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[PATCH][RFA/RFC] Stack clash mitigation 0/9
- From: Jeff Law <law at redhat dot com>
- To: gcc-patches <gcc-patches at gcc dot gnu dot org>
- Date: Tue, 11 Jul 2017 15:19:36 -0600
- Subject: [PATCH][RFA/RFC] Stack clash mitigation 0/9
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This patch series is designed to mitigate the problems exposed by the
stack-clash exploits. As I've noted before, the way to address this
class of problems is via a good stack probing strategy.
This has taken much longer than expected to pull together for
submission. Sorry about that. However, the delay has led to some clear
improvements on ppc, aarch64 and s390 as well as tests which aren't
eyeballed, but instead are part of the testsuite.
This series introduces -fstack-check=clash which is a variant of
-fstack-check designed to prevent "jumping the stack" as seen in the
The key ideas here:
Individual stack allocations are never more than PROBE_INTERVAL in size
(4k by default). Larger allocations are broken up into PROBE_INTERVAL
chunks and each chunk is probed as it is allocated.
No combination of stack allocations can exceed PROBE_INTERVAL bytes
without probing. ie, if we have an allocation of 2k and a later
allocation of 3k, then there must be a stack probe into the first 4k of
allocated space that executes between the two allocations.
We must consider an environment where code compiled without stack
probing is linked statically or dynamically with code that is compiled
with stack probing. That is actually the most likely scenario for an
indefinite period of time. Thus we have to consider the possibility of
a hostile caller in the call stack.
We need not guarantee enough stack space to handle a signal if a probe
hits the guard page.
Probes come in two forms. They can be explicit or implicit.
Explicit probes are emitted by prologue generation or dynamic stack
allocation routines. These are net new code and avoiding them when it
is safe to do so helps reduce the overhead of stack probing.
Implicit probes are "probes" that occur as a natural side effect of the
existing code or guarantees provided by the ABI. They are essentially
free and may allow the compiler to avoid some explicit probes.
Examples of implicit probes include
1. ISA which pushes the return address onto the stack in a call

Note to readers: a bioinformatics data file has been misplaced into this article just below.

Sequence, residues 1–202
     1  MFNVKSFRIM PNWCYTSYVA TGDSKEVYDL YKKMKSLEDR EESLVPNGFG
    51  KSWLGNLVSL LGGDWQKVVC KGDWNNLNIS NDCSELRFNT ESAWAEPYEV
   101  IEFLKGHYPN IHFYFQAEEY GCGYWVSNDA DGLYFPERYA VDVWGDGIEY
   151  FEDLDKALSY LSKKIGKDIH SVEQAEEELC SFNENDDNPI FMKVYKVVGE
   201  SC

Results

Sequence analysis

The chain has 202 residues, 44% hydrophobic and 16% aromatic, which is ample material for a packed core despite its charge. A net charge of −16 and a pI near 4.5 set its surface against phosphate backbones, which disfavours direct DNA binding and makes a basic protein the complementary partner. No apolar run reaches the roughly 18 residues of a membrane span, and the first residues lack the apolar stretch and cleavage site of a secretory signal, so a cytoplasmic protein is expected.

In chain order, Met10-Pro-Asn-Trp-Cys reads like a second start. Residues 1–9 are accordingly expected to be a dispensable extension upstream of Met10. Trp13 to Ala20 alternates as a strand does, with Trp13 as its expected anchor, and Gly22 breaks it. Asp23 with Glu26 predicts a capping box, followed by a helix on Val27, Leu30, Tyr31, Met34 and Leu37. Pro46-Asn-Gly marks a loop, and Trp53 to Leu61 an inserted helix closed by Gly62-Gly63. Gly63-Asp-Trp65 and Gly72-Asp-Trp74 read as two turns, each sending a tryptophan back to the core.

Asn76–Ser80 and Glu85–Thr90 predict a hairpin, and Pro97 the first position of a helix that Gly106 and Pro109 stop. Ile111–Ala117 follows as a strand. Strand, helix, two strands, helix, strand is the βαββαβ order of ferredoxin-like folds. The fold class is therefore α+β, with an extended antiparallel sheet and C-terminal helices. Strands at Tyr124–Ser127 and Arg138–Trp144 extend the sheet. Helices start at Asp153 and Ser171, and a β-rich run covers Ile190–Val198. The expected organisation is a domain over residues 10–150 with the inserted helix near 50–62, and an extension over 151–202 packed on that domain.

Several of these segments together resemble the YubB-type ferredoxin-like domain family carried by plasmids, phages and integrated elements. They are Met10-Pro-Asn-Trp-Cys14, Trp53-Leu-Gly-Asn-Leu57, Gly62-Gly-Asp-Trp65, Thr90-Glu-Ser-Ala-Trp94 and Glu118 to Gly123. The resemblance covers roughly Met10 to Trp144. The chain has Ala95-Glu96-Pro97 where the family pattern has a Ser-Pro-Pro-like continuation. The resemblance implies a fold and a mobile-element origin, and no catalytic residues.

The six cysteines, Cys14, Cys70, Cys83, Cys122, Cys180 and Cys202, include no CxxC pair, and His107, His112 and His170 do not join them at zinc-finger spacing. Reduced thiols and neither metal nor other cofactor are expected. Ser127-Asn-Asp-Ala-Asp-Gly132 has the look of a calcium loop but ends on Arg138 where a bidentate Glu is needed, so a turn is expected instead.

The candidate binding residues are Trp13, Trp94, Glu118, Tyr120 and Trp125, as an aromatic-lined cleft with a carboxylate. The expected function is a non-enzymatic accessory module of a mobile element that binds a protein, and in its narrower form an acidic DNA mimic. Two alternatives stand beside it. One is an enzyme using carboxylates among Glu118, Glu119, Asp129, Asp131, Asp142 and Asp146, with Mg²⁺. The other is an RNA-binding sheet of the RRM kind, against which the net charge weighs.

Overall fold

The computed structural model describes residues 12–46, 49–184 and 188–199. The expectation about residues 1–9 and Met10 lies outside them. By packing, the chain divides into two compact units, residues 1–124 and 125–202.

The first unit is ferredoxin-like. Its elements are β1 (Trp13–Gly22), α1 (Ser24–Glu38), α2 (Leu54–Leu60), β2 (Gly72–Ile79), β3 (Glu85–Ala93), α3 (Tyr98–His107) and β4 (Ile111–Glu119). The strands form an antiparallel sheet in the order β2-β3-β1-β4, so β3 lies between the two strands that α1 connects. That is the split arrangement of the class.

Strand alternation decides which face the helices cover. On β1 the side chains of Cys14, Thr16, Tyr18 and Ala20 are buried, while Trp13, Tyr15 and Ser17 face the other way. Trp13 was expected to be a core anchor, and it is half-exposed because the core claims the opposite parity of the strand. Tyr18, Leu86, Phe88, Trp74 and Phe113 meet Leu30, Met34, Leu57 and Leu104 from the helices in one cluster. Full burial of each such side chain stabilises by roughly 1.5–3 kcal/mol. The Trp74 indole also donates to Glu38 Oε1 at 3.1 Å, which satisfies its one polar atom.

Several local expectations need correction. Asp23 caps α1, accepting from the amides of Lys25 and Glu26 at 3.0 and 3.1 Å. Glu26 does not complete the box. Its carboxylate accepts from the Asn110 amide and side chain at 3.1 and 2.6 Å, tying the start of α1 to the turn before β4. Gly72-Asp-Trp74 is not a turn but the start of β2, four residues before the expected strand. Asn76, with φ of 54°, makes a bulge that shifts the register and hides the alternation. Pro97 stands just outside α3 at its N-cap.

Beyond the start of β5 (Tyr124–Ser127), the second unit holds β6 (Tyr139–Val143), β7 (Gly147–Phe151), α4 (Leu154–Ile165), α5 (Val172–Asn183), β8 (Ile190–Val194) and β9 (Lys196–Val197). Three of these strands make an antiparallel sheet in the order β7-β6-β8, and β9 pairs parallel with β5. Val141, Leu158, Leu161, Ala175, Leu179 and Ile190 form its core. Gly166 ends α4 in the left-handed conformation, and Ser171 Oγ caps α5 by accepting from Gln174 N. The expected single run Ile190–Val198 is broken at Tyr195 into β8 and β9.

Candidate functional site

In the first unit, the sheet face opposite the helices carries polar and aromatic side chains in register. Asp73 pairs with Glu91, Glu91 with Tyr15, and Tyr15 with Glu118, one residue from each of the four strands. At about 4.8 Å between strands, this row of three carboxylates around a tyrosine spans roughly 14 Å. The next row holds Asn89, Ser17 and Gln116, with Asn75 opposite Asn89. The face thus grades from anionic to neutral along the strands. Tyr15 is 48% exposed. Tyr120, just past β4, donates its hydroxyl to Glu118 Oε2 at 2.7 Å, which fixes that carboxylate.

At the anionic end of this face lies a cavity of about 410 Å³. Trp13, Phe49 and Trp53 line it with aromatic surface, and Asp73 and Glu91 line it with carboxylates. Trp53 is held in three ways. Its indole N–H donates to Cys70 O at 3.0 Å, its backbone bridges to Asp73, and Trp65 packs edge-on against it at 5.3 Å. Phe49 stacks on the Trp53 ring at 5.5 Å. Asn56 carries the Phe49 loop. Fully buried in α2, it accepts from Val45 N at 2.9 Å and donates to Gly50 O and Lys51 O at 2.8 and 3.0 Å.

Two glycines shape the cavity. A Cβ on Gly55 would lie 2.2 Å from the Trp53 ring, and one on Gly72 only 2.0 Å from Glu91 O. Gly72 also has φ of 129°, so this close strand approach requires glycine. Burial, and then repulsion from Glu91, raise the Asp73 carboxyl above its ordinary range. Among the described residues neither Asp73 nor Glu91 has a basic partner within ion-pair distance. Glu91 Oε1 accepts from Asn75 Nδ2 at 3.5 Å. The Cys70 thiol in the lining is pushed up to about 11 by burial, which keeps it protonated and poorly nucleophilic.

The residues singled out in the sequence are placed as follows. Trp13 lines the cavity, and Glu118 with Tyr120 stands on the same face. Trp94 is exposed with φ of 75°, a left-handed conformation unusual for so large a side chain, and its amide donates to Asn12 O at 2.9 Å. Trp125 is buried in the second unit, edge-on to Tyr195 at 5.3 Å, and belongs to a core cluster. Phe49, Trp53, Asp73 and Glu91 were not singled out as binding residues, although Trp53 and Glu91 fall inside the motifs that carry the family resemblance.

2. ABI mandates that *sp always contain a backchain pointer (ppc)
3. Prologue stores a register into the stack. We exploit this on
aarch64 and s390. On s390 register saves go into the caller's
stack frame, on aarch64 register saves hit newly allocated
space in the callee's frame. We can exploit both to avoid
some explicit probing.
I've done implementations for x86, ppc, aarch64 and s390 and the
included tests have been checked against those targets
This patch does not change the probing insn itself. We've had various
discussions on-list on a better probe insn for x86. I think the
consensus is to avoid read-modify-write insns. A testb may ultimately
be best. This is IMHO an independent implementation detail for each
target and should be handled as a follow-up. But if folks insist, it's
a trivial change to make as it doesn't fundamentally affect how all this
Other targets that have an existing -fstack-check=specific, but for
which I have not added a -fstack-check=clash implementation get partial
protection against stack clash as well. This is a side effect of
keeping some of the early code we'd hoped to use to avoid writing a new
probe implementation for each target.
To get a sense of overhead, just 1.5% of routines in glibc need probing
in their prologues (x86) in the testing I performed. IIRC each and
every one of those routines needed just 1-4 inlined probes.
Significantly more functions need alloca space probed (IIRC ~5%), but
given the amazingly inefficient alloca code, I can't believe anyone will
ever notice the probing overhead.
Patch #1 contains the new option -fstack-check=clash and some dejagnu
infrastructure (most of which is unused until later patches)
Patch #2 adds the new style probing support to the alloca/vla area and
indirects uses of STACK_CHECK_PROTECT through get_stack_check_protect.
Patch #3 Add some generic dumping support for use by the target prologue
Patch #4 introduces the x86 specific bits
Patch #5 addresses combine-stack-adjustments interactions with
Patch #6 adds PPC support
Patch #7 adds aarch64 support
Patch #8 adds s390 support
The patch series has been bootstrapped and regression tested on
s390x-linux-gnu (another respin of this is still in-progress)
Additionally, each target has been bootstrapped with -fstack-check=clash
enabled by default, the testsuite run and checked for glaring errors.
Earlier versions have also bootstrapped on 32bit PPC and 32bit s390.
Earlier versions have also been used to build and regression test.
glibc-2.17 with -fstack-check=clash enabled by default. The resulting
x86 and x86_64 libraries also were scanned to verify proper probing.
Similarly for x86_64 builds with the trunk glibc.
An earlier version was also used to build a particular application (that
shall remain nameless) that had the most large frames in RHEL 7. When
-fstack-check=clash was enabled the scanner was able to verify all the
large frames had been broken down in PROBE_INTERVAL chunks with proper
probing on x86_64.
There are some dependencies between patches. Prior versions were
bootstrapped and regression tested at each step. I have not gone
through that rigor after the various rebases and tweaks over the few
weeks. If partial patches are approved for installing on the trunk I
will verify they work across the set of targets noted above before
Let the comments, questions, flames and suggestions fly :-)